Right to Refuse to Kill

War Resisters' International's programme The Right to Refuse to Kill combines a wide range of activities to support conscientious objectors individually, as well as organised groups and movements for conscientious objection.

Our main publications are CO-Alerts (advocacy alerts sent out whenever a conscientious objector is prosecuted) and CO-Updates (a bimonthly look at developments in conscientious objection around the world).

We maintain the CO Guide - A Conscientious Objector's Guide to the International Human Rights System, which can help COs to challenge their own governments, and protect themselves from human rights abuses.

Information about how nation states treat conscientious objectors can be found in our World Survey of Conscientious Objection and recruitment.

More info on the programme is available here.

In this presentation I will give an overview of the right to conscientious objection, its
legal practices and frameworks in the 27 European Union member states. Before I do so, I want to step back a bit and have a brief look at the existing international standards about the right to
conscientious objection, as these standards allow us to put the practices in the EU member states into a perspective.

Statement by Korea Solidarity for Conscientious Objection

On December 24, the Ministry of National Defense announced the result of the survey that The Military Manpower Administration (MMA) had commissioned with a policy think tank of Daejeon University. The announcement was mainly focused on the negative outcomes of the public consensus. Last June, the MMA announced that the final decision will be based on public agreements. Therefore, this survey could completely annul the alternative service for conscientious objectors announced on September, 2007.

This publication provides an overview of the present state of the right to conscientious objection in the European Union, including the candidate countries Croatia, Turkey, and FYROM (Macedonia). This publication was produced in close co-operation with War Resisters' International (WRI). It builts on the global survey on the situation of conscientious objectors by War Resisters' International from 1998 [1] and their update by Quaker Council for European Affairs (QCEA) from 2005 [2].

Refusal to take part in war is as old as war itself. However, with the introduction of conscription as a more "effective" means for recruiting (first in France on 5 September 1798), and modern warfare, war resistance too had to become more organised. Former WRI Council secretary Tony Smythe wrote in 1967: "Men have always been impressed, levied, requisitioned, conscripted and bullied into the armies of their rulers but modern mass compulsory recruitment has been applied on a scale which makes it one of the major repressive institutions of our time, It is an integral part of the total war concept.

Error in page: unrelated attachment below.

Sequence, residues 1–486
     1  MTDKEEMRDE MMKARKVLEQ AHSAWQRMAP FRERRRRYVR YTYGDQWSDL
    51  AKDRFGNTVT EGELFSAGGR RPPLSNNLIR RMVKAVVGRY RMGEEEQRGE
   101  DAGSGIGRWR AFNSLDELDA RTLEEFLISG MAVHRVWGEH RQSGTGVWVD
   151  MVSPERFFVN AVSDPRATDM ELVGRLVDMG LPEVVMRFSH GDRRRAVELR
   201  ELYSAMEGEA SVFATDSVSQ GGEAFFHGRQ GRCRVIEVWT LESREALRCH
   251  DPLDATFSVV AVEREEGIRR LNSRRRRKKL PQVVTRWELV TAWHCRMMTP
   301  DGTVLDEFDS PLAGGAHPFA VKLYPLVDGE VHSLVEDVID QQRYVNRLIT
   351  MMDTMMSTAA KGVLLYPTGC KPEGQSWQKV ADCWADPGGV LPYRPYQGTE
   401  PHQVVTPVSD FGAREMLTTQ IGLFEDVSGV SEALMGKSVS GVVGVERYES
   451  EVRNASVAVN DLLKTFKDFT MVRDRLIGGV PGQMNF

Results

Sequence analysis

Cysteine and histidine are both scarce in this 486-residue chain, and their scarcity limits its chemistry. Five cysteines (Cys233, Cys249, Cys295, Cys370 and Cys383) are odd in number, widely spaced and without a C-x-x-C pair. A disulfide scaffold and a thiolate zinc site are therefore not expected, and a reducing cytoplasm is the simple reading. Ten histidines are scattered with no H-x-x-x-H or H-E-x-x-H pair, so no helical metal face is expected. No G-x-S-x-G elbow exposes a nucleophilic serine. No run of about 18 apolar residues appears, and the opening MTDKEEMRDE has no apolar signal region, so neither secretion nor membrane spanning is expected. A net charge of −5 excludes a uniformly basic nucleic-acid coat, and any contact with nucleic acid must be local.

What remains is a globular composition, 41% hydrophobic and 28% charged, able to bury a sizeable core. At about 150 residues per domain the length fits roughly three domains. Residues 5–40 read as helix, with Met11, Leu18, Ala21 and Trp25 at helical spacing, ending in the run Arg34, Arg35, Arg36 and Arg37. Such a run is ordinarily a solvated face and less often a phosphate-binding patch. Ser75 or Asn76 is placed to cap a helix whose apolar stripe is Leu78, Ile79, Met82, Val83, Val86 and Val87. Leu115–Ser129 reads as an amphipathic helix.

Index of papers relased under the Freedom of Information Act

WRI has obtained the following papers from the UK Ministry of Defence (MoD) pursuant to a Freedom of Information request in August 2007.


Cover letter 17-08-2007-161349-004 Speck (Ministry of Defence)
Armed forces policy on conscientious objectors (Ministry of Defence)
AGAIs Vol 5 Instruction 006 - Retirement or discharge on grounds of conscience (Royal Army)

Personnel, Legal, Administrativeand General orders 0801.

Since the founding of War Resisters' International in 1921, the right to refuse to kill - conscientious objection - has been at the core of WRI's work. Although this right to today recognised as an international standard, it is in practice often not granted, and those who claim their right are thrown into prison, or worse (see for example the article on Eritrea in this Broken Rifle).

Presentation at the international seminar "Unarmed Resistance: the transnational factor", Coventry, 15 July 2006

Andreas Speck, War Resisters' International

WRI homepage > Programme Areas > The Right to Refuse to Kill > Solidarity with war resistance in Turkey (for Coventry seminar)

Contents


Introduction

The Turkish war resisters movement - a brief hi

Contents


Introduction

Conscription and Conscientious Objection


What is conscientious objection

The recognition of the right to conscientious objection

Different faces of conscientious objection

Challenges for the CO movement


The role of the right to conscientious objection

Challenging
Speech at Public Hearing "The Right of Soldiers to Refuse to Participate in Wars Violating International Law" at European Parliament in Strasbourg


Ladies and Gentlemen,

Members of the European Parliament,

I'm pleased to have the opportunity today to speak about the kind of protection soldiers need when they refuse to commit violations of international law or declare their conscientious objection.

I work in a German organisation called Connection.

Notes on the acquittal of a German military officer who refused to carry out a military order in connection with the Iraq War document for the Green/EFA hearing on 14 March 2006 on the right to refuse participation in an illegal war

On 21 June 2005 the German Federal Administrative Court brought down an exciting judgement: Major Florian Pfaff of the German Federal Army, previously sanctioned by his superiors because of his refusal to follow an order related to the war in Iraq, got his right.

Subscribe to Right to Refuse to Kill